A Question of Diversity

21 Dec 2009

Biodiversity in agriculture or agro-biodiversity refers to all crops and animal breeds, their wild relatives, and other species such as pollinators, symbionts, natural enemies of pests, soil fauna, etc that co-exist and interact within croplands and/or their surrounding environments. It includes populations of locally adapted crop varieties and animal races as well as wild and weedy relatives from which the entire range of the domestic crops used in world agriculture is derived.

Agro-biodiversity components perform ecosystem functions and deliver services that sustain the resources and ecological processes upon which agriculture depends. Ecosystem services beyond production of food, fiber, fuel, and income include recycling of nutrients, control of local microclimate, regulation of local hydrological processes, pollination, regulation via biological control of the abundance of undesirable organisms, detoxification of noxious chemicals, etc. All renewal processes and ecosystem services performed by agro-biodiversity are largely biological, therefore their persistence depends upon maintenance of biological diversity and the ecological integrity of agricultural systems.

When these natural services are lost due to biological simplification due to intensification of agriculture, the economic and environmental costs can be quite significant. In industrial agriculture the burdens include a reduction in crop production due to enhanced pests that become resistant to pesticides or due to elimination of their enemies, decreases in pollinators, and other services such as the capacity of soils to sequester carbon dioxide, etc. In general there is an overall reduction in the overall quality of life due to soil, water, and food contamination with accumulation of pesticide and/or nitrate residues, on less dietary diversity associated with monocultures.

The net result of biodiversity simplification is an industrial agricultural monoculture that requires constant human intervention in the form of mechanization and agrochemicals that in addition to posing environmental damage they heavily depend on energy subsidies and produce copious amounts of greenhouse gases.
Modern agriculture implies the simplification of the structure of the environment over vast areas, replacing nature’s diversity with a small number of cultivated plants and domesticated animals. In fact, the world’s agricultural landscapes are planted mostly with some 12 species of grain crops, 23 vegetable crop species, and about 35 fruit and nut crop species; that is no more than 70 plant species spread over approximately 1,440 million ha. of presently cultivated land in the world, a sharp contrast with the diversity of plant species found within one ha. of a tropical rain forest which typically contains over 100 species of trees .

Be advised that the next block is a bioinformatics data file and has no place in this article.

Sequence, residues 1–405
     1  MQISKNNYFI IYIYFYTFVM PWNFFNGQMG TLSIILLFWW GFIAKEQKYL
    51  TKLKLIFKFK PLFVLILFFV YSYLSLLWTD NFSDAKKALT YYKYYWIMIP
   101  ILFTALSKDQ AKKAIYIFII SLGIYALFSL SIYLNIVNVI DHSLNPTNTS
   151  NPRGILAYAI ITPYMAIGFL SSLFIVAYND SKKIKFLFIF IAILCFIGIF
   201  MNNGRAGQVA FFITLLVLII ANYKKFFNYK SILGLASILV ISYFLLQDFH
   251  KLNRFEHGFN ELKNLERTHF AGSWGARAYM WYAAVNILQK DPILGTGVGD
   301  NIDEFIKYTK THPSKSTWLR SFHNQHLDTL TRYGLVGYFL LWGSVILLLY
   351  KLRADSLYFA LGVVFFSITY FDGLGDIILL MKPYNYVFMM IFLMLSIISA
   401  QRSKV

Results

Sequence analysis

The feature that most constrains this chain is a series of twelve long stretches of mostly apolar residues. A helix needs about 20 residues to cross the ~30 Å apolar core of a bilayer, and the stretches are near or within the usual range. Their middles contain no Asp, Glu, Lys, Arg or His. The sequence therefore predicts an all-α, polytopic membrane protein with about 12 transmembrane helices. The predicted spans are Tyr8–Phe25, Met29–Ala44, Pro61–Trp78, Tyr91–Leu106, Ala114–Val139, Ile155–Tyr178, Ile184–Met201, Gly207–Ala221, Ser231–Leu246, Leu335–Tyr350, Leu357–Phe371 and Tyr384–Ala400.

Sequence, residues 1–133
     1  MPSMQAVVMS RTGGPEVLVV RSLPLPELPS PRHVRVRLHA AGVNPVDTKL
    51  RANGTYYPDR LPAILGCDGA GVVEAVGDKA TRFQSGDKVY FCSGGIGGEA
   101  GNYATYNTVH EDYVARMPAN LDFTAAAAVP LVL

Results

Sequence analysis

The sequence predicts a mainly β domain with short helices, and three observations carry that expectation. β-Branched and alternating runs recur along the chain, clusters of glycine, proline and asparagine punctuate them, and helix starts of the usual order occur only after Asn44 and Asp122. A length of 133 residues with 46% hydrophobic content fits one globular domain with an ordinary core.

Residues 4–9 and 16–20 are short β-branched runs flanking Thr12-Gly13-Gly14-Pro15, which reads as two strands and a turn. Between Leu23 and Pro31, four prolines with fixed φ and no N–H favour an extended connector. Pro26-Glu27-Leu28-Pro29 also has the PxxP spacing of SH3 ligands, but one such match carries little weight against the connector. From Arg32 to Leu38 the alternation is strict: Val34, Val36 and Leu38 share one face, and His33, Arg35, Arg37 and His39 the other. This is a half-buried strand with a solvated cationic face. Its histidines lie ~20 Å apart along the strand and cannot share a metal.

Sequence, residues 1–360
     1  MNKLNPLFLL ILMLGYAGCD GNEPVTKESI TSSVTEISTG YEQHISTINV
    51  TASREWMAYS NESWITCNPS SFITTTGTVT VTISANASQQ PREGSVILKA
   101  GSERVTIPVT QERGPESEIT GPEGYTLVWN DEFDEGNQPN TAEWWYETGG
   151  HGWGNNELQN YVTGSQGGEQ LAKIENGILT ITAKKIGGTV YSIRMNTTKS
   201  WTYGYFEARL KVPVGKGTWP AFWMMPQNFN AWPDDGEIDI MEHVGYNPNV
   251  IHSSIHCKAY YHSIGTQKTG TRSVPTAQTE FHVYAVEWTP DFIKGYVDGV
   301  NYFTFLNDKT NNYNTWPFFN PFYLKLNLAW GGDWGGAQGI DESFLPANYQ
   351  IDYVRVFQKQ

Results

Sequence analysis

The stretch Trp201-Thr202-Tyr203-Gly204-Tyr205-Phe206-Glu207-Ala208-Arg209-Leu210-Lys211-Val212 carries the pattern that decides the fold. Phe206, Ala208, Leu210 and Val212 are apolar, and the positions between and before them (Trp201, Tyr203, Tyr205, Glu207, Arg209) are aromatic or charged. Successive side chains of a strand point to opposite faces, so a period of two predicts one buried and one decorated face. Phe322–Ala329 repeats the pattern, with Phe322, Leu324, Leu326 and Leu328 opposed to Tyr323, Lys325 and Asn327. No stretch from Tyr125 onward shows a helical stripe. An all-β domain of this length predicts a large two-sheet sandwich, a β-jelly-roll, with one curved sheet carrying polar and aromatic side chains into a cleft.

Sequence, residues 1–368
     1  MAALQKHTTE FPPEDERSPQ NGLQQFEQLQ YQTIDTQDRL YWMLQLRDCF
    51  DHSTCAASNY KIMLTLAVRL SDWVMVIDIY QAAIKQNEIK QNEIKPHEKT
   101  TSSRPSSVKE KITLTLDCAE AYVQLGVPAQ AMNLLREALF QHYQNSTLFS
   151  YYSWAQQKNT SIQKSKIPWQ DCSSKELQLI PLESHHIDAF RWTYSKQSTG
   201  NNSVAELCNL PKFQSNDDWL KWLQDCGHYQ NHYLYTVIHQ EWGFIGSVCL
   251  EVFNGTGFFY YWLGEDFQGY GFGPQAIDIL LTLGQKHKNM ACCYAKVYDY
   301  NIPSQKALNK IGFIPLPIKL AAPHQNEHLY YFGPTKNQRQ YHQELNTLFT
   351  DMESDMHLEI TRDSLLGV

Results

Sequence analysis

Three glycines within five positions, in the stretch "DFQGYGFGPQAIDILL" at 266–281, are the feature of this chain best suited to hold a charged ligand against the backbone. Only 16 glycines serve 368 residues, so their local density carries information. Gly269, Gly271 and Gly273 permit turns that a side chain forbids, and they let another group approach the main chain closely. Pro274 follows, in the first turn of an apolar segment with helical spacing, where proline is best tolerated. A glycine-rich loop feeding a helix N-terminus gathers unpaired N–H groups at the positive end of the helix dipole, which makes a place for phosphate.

Genetically, modern agriculture is shockingly dependent on a handful of varieties for its major crops. For example, in the U.S., 60 to 70% of the total bean acreage is planted with two to three beans varieties, 72% of the potato acreage with four varieties and 53% with three cotton varieties. Researchers have repeatedly warned about the extreme vulnerability associated with this genetic uniformity.
A growing number of scientists, farmers, and the general public fear for the long-term sustainability of such highly input-dependent and ecologically simplified food production systems. These concerns have gained renewed attention with the expansion of transgenic crops and agro-fuel plantations which by 2008 covered more than 140 million hectares leading to further large-scale landscape homogenization which will exacerbate the ecological problems already associated with industrial agriculture.

Industrial agriculture, monocultures and Third World small farmers
Unquestioned expansion of these industrial models into developing countries is not desirable especially when consequences of promoting monocultures results in serious social and environmental problems as exemplified by the Green Revolution launched in the developing world in the 60s and 70s and now promoted in Africa by the AGRA program. These people assume that progress and achieving development in traditional agriculture inevitably requires the replacement of local crop varieties for improved ones, and that the economic and technological integration of traditional farming systems into the global system is a positive step that enables increased production, income and commonly well being. But as evinced by the Green Revolution integration brought in addition several negative impacts: